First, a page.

Successful demonstration of VAM processing

The only VAM technology that has so far proven to be commercially feasible on a large-scale basis is a system at the West Cliff Colliery of BHP Billiton, Australia (Somers and Schultz, 2008). The installation is called WestVAMP (West Cliff Colliery Ventilation Air Methane Plant) and is based on the VOCSIDIZER technology developed, patented and supplied by MEGTEC Systems.

Using VAM at a concentration of 0.9 per cent, high-grade steam is generated and used to drive a conventional power plant steam turbine. The plant is thereby using a fuel consisting of ventilation air with more than 99 per cent air. It is processing 20 per cent of the ventilation air from the mine shaft, while driving a conventional 6MW(e) steam turbine and reducing emissions by an estimated 250,000 tonnes CO2-eq per year.

Operated during a few months in 1994, at the Thoresby Mine in the UK, MEGTEC first demonstrated that their VOCSIDIZER technology could efficiently abate VAM emissions. In principle, the VOCSIDIZER is a very well-insulated steel box with a bed consisting of a heat-exchange-efficient ceramic bed. Initially, the centre portion is heated to 1000°C. Then, the ventilation air containing CH4 in dilute form is passed through the bed. At the natural

Figure 12.1 Cut-away illustration of the VOCSIDIZER

Source: MEGTEC

oxidizing temperature of CH4 the gas is oxidized, releasing energy that, by efficient heat exchange, is conserved and used to heat the next incoming portion of ventilation air up to VAM oxidizing temperature. In order to keep the hot oxidizing zone in the centre of the equipment, the direction of flow is alternated. A cut-away illustration is shown in Figure 12.1.

In 2001 to 2002, a second demonstration was made at the Appin Colliery of BHP in Australia (partly funded by ACARP, the Australian Coal Association Research Program). This trial demonstrated two important aspects, namely: (1) stability of operation - that the process could handle the natural swings in VAM concentration in a coal mine ventilation shaft (in order to demonstrate this, the installation was successfully operated for 12 months); and (2) energy recovery - the energy released in the VOCSIDIZER oxidation process was successfully utilized to generate steam.

The ultimate demonstration of the VOCSIDIZER technology was made in the WestVAMP project at the West Cliff Colliery of BHP Billiton in Australia. This VAM power plant was officially inaugurated on 14 September 2007 after several months of successful operation. The project was partly funded by the Australian Greenhouse Office and has two revenue streams - the value of the electricity generated and 'carbon credits' sold within the New South Wales trading scheme. The WestVAMP installation had, by 2009, generated over 80GWh of electricity and 500,000 carbon credits (tonnes CO2-eq) traded on the local New South Wales trading scheme. In the first fiscal year of operation, BHP Billiton reported plant availability to be at 96 per cent, including two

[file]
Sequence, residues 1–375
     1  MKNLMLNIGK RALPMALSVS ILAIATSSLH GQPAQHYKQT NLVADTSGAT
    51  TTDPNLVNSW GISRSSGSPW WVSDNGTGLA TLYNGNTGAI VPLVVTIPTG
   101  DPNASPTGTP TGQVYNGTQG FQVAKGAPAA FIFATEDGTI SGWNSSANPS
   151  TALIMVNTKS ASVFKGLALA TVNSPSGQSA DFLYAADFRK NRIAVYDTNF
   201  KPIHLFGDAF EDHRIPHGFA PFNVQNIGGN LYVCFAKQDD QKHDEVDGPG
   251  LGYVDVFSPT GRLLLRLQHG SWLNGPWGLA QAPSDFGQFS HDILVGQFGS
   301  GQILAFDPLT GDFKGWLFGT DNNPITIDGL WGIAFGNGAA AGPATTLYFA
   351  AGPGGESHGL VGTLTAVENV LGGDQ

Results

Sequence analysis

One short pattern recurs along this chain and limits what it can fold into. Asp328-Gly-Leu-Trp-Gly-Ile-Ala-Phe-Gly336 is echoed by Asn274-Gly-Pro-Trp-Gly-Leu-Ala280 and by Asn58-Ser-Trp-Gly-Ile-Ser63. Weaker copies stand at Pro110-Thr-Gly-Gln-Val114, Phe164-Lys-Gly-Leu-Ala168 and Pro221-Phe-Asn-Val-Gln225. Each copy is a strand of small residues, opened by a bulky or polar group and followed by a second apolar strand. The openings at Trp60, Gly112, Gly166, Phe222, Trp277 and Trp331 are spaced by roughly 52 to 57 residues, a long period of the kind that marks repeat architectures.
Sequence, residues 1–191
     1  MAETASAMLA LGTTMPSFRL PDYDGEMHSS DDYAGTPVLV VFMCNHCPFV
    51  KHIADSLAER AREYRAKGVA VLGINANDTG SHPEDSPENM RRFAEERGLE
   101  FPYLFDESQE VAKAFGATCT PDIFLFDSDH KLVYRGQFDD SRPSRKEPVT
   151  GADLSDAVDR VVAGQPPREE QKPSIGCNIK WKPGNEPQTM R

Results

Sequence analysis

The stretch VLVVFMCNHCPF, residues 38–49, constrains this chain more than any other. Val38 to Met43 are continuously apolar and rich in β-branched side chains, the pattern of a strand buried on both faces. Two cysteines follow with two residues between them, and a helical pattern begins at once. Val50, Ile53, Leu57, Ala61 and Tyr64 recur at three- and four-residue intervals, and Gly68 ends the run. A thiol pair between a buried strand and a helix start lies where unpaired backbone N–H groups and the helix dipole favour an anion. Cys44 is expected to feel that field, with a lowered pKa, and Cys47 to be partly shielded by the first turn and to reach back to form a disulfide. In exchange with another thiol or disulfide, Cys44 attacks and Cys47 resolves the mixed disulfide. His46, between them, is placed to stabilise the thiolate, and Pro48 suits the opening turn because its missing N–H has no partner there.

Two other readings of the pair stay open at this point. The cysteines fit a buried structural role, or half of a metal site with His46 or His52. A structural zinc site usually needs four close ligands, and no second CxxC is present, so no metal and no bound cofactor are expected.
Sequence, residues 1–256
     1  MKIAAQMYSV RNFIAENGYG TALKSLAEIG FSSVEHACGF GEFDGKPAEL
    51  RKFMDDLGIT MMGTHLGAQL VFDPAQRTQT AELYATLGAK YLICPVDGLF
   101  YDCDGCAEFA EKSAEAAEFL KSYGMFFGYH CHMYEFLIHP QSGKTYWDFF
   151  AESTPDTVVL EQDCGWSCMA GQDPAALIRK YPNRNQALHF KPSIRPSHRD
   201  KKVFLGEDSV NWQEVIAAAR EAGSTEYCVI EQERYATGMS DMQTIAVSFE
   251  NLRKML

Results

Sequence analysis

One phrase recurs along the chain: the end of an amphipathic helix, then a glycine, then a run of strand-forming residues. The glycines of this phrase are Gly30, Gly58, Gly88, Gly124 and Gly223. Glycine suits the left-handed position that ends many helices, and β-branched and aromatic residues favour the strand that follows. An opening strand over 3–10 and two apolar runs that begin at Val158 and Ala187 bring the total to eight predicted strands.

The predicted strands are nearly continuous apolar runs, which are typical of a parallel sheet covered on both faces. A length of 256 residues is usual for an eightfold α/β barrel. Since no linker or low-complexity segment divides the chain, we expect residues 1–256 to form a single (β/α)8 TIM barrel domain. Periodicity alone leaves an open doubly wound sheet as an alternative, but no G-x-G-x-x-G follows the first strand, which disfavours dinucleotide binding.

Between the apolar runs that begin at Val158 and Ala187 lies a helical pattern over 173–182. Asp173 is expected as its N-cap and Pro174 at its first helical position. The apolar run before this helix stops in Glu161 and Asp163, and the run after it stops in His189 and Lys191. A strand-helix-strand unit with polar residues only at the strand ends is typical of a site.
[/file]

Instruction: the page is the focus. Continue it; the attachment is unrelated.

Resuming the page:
Figure 12.2 Principle process diagram of a VAM power plant based on the VOCSIDIZER

Source: MEGTEC

Figure 12.2 Principle process diagram of a VAM power plant based on the VOCSIDIZER

Source: MEGTEC

planned maintenance shutdowns (see Booth, 2008). The plant can be described as a conventional steam-based power plant, using the VOCSIDIZER as an unconventional furnace capable of operating on an extremely lean fuel. A principle process diagram of a VAM power plant based on the VOCSIDIZER technology is shown in Figure 12.2.

The VOCSIDIZER technology for VAM processing has also been demonstrated by CONSOL Energy in West Virginia - with support from the US EPA (United States Environmental Protection Agency) and the US Department of Energy - and by the ZHENGZHOU Mining Group in the Henan Province of the People's Republic of China. The Chinese installation is the first VAM processing plant of any kind in the world to be formally approved by the UNFCCC for the generation of carbon credits.

Technically, the VOCSIDIZER technology is essentially based on the very efficient heat exchange between the air being processed and the internal configuration of the system. The efficiency of the system means that a VAM concentration of only 0.2 per cent is required to maintain the oxidizing process. There is no combustion chamber - instead the oxidation takes place inside a special ceramic bed. There are also no 'hot spots' or periods of open flame combustion, meaning that significant production of nitrogen oxides (NOx) is avoided.

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